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Wed, 06 Jul 22 11:59

12 Years with ADCS

This is my last blog as a member of the ADCS Council of Reference, as I’m standing down as Chair of the ADCS Associates Network at the end of March. I’m retiring from even part-time work and a couple of other appointments, including being the Chair of NCER. (“Finally!”, I hear some colleagues say, and “about time too!”) I’m retiring in large part for family reasons (three sons in Australia… don’t ask …) but more importantly I have come to the view that I’m increasingly grumpy and a ghost at the feast, too frequently tempted to say “We tried that in 200X and it didn’t work then, and it wont work now”, or sometimes, “Been there, done that, got the tee-shirt’. And of course, I haven’t been a serving director of children’s services (DCS) since 2009 – a long time ago!

The reality, of course, is that there are now very few people around who have shared the ADCS journey from that first cohort of DCSs back in 2005/6/7 when appointments were a matter of local chance – whether it was an ‘education’ person or a ‘social care’ person. Certainly, there is no-one now serving on the ADCS Council of Reference who was there in the very early days of the Association. So, I’m indulging myself with some reflections on the path that leads up to 2019, with Stuart Gallimore soon to hand over the Presidency to Rachel Dickinson.

Back in 2005, following the passage of the Children Act 2004 and the introduction of the requirement for local authorities to appoint a DCS, there was a flurry of local authority restructuring and associated appointments – I was appointed in July 2005, having been Director for Education and Lifelong Learning. It was obvious to us all that we needed to reconfigure the national associations, Confed, SCEO and ADSS, but it was by no means obvious how that should be achieved. Confed and ADSS were markedly different organisations, with different histories, structures and ways of working, and we spent several months discussing the problems without coming close to a consensus way forward. (Does that remind you of anything?) During the summer of 2006 progress was made, though, when both ‘sides’ appointed a small group of colleagues to reach an agreement on behalf of their parent organisations. I was part of that group as Confed Vice President and then, for a matter of a couple of months, President.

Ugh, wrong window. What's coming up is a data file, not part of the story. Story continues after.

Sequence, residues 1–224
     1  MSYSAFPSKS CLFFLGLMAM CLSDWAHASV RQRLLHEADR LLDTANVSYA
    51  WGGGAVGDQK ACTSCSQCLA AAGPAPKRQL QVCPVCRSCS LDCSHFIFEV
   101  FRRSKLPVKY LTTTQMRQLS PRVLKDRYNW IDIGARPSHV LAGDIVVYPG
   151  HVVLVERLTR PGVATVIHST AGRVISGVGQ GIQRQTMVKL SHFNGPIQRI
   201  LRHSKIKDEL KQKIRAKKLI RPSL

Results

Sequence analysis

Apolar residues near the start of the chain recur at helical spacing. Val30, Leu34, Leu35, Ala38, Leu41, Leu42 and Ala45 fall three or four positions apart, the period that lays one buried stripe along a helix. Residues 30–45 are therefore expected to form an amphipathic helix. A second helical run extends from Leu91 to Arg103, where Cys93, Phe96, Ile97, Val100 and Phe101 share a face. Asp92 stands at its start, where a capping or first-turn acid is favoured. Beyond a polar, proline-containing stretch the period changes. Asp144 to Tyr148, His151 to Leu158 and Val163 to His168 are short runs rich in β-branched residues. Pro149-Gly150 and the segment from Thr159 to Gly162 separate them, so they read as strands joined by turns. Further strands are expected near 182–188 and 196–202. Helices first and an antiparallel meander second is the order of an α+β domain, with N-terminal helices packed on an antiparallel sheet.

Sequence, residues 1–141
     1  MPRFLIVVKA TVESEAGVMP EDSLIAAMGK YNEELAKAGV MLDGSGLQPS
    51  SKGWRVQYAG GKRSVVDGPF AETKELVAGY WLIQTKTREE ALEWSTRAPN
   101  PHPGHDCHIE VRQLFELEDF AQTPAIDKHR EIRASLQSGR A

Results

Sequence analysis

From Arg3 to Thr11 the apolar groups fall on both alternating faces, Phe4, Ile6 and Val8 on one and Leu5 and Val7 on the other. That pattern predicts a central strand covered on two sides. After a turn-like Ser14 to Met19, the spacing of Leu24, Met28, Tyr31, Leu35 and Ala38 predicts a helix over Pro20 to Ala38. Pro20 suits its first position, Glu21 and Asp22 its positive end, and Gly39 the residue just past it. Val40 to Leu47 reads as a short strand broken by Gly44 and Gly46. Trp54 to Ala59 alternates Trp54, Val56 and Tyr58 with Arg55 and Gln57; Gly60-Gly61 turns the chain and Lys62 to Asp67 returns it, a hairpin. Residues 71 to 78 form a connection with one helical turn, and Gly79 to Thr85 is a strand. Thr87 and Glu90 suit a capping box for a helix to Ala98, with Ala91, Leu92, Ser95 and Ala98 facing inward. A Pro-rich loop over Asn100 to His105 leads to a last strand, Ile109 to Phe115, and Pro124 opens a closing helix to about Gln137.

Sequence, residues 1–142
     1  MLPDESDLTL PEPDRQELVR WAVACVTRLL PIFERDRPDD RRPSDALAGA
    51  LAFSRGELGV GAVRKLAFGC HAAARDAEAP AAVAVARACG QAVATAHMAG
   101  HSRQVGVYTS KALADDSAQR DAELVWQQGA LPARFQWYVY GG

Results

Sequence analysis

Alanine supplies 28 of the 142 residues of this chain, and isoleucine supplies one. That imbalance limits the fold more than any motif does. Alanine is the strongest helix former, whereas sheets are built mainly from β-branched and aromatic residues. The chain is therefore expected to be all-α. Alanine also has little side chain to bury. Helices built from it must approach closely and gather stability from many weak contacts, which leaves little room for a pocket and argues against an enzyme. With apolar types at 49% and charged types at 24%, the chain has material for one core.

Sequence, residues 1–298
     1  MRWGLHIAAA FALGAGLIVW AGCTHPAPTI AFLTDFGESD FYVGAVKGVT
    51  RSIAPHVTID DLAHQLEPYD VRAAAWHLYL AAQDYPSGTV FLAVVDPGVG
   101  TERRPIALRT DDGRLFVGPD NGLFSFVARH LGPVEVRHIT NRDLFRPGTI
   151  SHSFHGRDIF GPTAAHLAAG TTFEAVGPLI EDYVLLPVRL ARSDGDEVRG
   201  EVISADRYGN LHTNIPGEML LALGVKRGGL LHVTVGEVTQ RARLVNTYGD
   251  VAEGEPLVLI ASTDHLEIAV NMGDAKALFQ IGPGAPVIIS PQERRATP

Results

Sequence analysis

In the midst of everyone’s wildly different points of view, it struck me forcibly that what was needed was someone nerdy to draft a constitution and to mould it into a shape that was acceptable round the table. I volunteered to have a go, and while I was the author of the first constitution, I was very much the ‘hand that held the pen’, working to find acceptable compromises.

The whole thing crystallised in the late summer of 2006 at a summit meeting at the Hinckley Services on the M69, leading to the now-all-but-forgotten ‘Hinckley Accord’ that opened the way to the new organisations, ADCS and ADASS. The final piece of the jigsaw was that John Coughlan and I, who both might have been President of the new ADCS, decided that the common good dictated that we should together become Joint Presidents for the first year (actually, 15 months from 1 January 2007), with elections for single Presidents from year two. Looking back, I remain genuinely proud to have been part of the process that led to that first Constitution, which has proved robust and resilient, so that almost all the features we introduced then remain in place in 2019.

Having launched the new ADCS in January 2007, we were all then able to go back to the day job of improving outcomes for children, both in our local authorities and nationally. Looking back, again, there were many issues on which we debated long and hard with Department for Children, Schools and Families (now DfE) officials and Ed Balls, but on the whole it was a time of real dynamism and optimism, and of shared purpose. While much has changed, and structural tensions abound, alongside austerity across the public sector, ‘Every Child Matters’ and the notion of joined-up services still have enormous resonance. ADCS as an organisation, and ADCS members individually, have held the faith and provided outstanding professional leadership and advocacy for children, and, notwithstanding the huge financial pressures, local authorities have been well-led in making some of the most difficult policy and practice decisions there could be.

Over the years, I have been repeatedly struck by the changes in the detail of the debates within ADCS while the fundamentals have remained unchanged – “How do we do the best for our children?”.

I’m proud to have been part of ADCS from the very start, and offer my thanks to all past and present members, office holders, and staff who have made ADCS what it is. Thanks to you all, and best wishes for the future, especially to Rachel Dickinson!

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